Saturday, June 25, 2016

Western Bluebird - Colored Pencil Drawing

"Western Bluebird" Colored Pencil

The Western Bluebird is an energetic pioneer always looking to expand his territory. It’s early spring at Noble Meadow in Evergreen, Colorado and this male has recently arrived, robed in his finest breeding plumage.

Backlit by golden light, the diminutive monarch oversees his vast domain from a mullein stalk perch. With his abstract background framed by a simple border, the confident bluebird sits comfortably in the spotlight.

Upon close inspection, the triadic color scheme becomes obvious. Multiple shades of red, yellow and blue are applied in translucent layers on textured paper, resulting in a finished piece that sparkles with luminosity.

In order to capture the essence of this scene, the photographic accuracy of the drawing has been simplified. Also, the color saturation has been exaggerated in a way that better expresses the lively spirit of these vibrant, little birds.

The focal point of this creation is the bluebird's remarkable eye and head. By carefully rendering the details in the bird’s eye and head with more precision, the viewer's attention will be directed to that part of the composition.

Artist friend Ann Kullberg asked me to thoroughly document the unique methods required to produce this work of art. The painstaking process of drawing, scanning, writing and re-writing has been compiled into a small step-by-step booklet.

Published by Ann Kullberg, the drawing guide is part of a series of JUMPSTART lessons for beginners. They feature simple instruction that includes pencil stroke and pressure descriptions, promising that even a novice will learn the ropes in a flash by following ten easy steps.

If you’d like to learn more about drawing in colored pencil, please check out this site: Western Bluebird Step by Step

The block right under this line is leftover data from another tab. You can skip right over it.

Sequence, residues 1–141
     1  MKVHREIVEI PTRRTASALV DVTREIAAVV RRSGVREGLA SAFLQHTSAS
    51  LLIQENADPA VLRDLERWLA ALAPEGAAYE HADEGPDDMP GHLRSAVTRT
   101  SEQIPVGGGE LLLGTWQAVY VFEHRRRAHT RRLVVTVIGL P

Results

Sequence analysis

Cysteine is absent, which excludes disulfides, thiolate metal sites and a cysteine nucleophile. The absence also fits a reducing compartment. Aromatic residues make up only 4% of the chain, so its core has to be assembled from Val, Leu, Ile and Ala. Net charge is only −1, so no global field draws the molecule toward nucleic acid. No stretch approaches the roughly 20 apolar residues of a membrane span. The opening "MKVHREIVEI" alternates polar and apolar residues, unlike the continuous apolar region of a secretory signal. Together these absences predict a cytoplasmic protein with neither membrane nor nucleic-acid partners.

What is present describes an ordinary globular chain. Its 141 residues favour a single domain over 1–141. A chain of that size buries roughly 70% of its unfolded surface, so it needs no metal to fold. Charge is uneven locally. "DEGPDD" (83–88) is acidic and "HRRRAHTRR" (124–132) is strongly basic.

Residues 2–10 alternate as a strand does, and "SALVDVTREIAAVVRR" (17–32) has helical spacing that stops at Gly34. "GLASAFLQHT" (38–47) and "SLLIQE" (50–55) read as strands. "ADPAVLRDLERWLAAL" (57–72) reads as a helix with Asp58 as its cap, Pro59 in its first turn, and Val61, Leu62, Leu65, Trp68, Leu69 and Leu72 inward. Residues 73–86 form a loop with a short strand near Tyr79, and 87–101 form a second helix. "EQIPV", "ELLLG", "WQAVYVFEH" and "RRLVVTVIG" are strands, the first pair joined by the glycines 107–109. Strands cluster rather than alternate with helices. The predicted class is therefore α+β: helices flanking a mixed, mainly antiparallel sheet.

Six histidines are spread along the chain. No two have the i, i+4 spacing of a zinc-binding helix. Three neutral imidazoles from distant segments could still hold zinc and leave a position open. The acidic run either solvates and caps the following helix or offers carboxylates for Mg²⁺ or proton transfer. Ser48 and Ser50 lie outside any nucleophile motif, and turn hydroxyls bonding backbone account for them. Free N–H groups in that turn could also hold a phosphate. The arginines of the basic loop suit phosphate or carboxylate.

Saturday, June 18, 2016

Vesper Sparrow - A Happy Grass Dweller

Vesper Sparrow

So far this summer, the bird I’m seeing most frequently in our foothills is the decidedly nondescript vesper sparrow. His name is Latin for ‘evening’ a time when this bird loves to sing.

At first glance, this stout sparrow looks rather drab but if you take the time to look closely, you’ll discover that he’s really quite beautiful. His overall light-brown color is intensified by a bright orange patch on the shoulder.

A pattern of dark streaks helps him to blend perfectly into the environment. Barely visible in the vast meadow to even the keenest observer, his exuberant song is what gives his presence away.

If you happen to cross paths with him, he’s not shy and he can be photographed rather easily. He tolerates a friendly encounter and watches curiously with his white-ringed eyes.

He hops down the dirt trail searching for his favorite foods, insects and seeds. If you get too close though, he will flash his white outer tail feathers as he alights to a nearby mullein stalk.

From this summer perch, the vesper sparrow vocally declares ownership of his nesting territory. This happy grass dweller loves to bask in the sun but even on a dreary, gray morning, his cheerful song will brighten your day.

Decidedly nondescript

This bird loves to sing

He looks rather drab

He's really quite beautiful

An orange patch on the shoulder

He's not shy

Tolerates a friendly encounter

Vocally declares territory

His cheerful song will brighten your day

Saturday, June 11, 2016